As with any disc bearing a performance by the great German conductor Wilhelm Furtwängler, one has to check carefully with the present performance of Brahms' First Symphony to see when it was recorded and then check even more carefully to see what other labels have released it before. What we have here is Furtwängler's second complete recording of the work taped on July 13, 1950. The January 23, 1945, recording with the Berliner Philharmoniker is of only the finale, while the August 13, 1947, recording with the Wiener Philharmoniker from the Salzburg Festival is of doubtful authenticity, thereby leaving only the August 27, 1947, recording with the Lucerne Festival Orchestra with its poor sound and scrappy orchestral performance before this one. And prior to this release, there hadn't been many releases of the 1950 recording, and only one had listenable sound: the Music & Arts release coupled with Furtwängler's awful 1948 Swedish recording of the same composer's Ein Deutsches Requiem.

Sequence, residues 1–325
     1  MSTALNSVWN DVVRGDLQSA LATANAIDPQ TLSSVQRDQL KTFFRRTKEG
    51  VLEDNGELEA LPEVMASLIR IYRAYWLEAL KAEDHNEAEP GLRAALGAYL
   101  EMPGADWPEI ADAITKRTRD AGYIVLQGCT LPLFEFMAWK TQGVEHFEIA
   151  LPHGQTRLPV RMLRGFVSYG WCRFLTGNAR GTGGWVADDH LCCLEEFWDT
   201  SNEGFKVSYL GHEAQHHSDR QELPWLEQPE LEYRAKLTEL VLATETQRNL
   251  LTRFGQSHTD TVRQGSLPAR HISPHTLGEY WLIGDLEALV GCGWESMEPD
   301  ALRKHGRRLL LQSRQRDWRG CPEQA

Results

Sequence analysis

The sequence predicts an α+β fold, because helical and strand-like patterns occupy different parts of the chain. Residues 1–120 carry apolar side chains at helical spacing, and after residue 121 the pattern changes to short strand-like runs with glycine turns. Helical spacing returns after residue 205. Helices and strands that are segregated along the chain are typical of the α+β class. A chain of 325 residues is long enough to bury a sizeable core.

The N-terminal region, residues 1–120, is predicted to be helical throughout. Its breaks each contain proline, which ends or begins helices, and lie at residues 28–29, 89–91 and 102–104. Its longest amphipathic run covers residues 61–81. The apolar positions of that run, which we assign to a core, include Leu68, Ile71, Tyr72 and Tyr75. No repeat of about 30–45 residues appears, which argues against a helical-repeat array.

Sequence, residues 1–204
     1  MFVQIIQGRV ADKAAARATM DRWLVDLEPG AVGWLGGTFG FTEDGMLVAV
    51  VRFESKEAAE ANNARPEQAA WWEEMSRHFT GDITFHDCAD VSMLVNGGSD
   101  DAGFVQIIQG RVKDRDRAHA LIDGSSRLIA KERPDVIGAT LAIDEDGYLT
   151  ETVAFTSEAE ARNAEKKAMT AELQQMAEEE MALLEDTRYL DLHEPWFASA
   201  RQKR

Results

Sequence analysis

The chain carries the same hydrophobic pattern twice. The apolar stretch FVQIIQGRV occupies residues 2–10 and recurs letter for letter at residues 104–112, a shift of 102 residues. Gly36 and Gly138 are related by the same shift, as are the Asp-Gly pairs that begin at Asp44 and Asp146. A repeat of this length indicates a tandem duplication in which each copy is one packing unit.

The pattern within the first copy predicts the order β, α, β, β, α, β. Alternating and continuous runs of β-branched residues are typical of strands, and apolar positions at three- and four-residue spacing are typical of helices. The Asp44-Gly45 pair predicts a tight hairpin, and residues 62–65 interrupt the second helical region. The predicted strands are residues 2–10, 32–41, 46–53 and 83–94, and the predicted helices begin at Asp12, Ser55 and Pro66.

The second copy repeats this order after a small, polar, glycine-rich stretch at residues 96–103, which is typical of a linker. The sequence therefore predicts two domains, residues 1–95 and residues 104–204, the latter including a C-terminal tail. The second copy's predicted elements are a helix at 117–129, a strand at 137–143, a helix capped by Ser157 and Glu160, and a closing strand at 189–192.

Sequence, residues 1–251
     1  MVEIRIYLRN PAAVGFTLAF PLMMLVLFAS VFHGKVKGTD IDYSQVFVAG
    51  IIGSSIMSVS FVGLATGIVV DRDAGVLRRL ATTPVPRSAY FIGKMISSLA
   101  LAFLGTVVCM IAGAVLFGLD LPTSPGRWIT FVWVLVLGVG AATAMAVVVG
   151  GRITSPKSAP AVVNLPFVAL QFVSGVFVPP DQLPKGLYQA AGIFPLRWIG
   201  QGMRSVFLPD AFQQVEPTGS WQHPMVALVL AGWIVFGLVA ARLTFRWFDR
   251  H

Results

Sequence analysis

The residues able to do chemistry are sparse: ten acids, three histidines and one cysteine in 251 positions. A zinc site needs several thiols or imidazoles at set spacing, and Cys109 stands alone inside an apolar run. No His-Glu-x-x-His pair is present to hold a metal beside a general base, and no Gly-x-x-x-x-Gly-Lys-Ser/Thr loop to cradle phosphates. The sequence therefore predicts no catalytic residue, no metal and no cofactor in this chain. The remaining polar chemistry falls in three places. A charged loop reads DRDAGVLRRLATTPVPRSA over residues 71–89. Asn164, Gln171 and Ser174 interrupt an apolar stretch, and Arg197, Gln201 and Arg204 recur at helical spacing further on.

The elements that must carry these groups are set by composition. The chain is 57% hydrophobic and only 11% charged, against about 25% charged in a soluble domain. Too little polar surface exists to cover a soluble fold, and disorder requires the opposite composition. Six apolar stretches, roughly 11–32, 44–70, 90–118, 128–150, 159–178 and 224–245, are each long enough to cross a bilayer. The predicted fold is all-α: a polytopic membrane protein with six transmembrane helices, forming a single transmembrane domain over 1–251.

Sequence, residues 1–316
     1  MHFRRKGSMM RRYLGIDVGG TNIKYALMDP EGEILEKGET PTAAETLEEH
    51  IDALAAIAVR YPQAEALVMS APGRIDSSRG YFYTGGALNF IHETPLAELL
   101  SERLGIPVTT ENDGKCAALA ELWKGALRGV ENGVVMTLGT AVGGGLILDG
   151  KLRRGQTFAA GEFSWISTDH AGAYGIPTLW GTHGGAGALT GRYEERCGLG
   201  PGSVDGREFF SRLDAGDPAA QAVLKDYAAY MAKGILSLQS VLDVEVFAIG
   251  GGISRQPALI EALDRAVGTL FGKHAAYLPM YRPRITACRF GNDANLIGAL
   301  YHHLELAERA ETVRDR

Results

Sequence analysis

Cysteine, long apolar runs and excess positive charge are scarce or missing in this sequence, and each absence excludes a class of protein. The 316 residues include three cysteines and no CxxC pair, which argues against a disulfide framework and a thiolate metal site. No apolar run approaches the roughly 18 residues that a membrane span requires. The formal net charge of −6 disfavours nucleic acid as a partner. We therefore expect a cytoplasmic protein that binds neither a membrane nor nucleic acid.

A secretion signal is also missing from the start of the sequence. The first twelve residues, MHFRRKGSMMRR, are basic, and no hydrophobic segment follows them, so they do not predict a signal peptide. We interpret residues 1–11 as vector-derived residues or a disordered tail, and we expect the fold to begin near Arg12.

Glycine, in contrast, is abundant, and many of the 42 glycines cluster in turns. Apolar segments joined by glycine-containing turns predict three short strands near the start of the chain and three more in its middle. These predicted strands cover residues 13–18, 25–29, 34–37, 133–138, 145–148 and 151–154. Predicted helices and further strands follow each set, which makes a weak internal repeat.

Given this context, this 2009 Idis release of Furtwängler's Concertgebouw performance actually has a reasonable chance of being some listeners' first choice. The remastering may be a bit top heavy, but it is at least as clear as the Music & Arts remastering and has perhaps a tad more presence. As for the performance itself, though it is by no means the best of Furtwängler's recorded performances of Brahms' First Symphony, it is still a strongly imagined, deeply expressive, and profoundly moving performance with heroic outer movements, rapturous central movements, and a triumphant coda almost barbaric in its splendor. The Concertgebouw gladly responds to the German conductor's famously unsteady beat and delivers playing of tremendous power. If it weren't for Furtwängler's later, greater performances of Brahms' First -- the 1951 Hamburg, the 1952 Wiener Philharmoniker, and the 1953 Berliner Philharmoniker -- this disc would be absolutely compulsory listening for everyone who reveres the composer. As it is, it is merely mandatory listening for dedicated Furtwängler fans.
The generous coupling of the same composer's Double Concerto from January 27, 1952, is the second, more famous, and much more soulful performance with the Wiener Philharmoniker featuring principals Willi Boskovsky and Emanuel Brabec as soloists. The sound here, like the sound of the First Symphony, is surprisingly clear and present.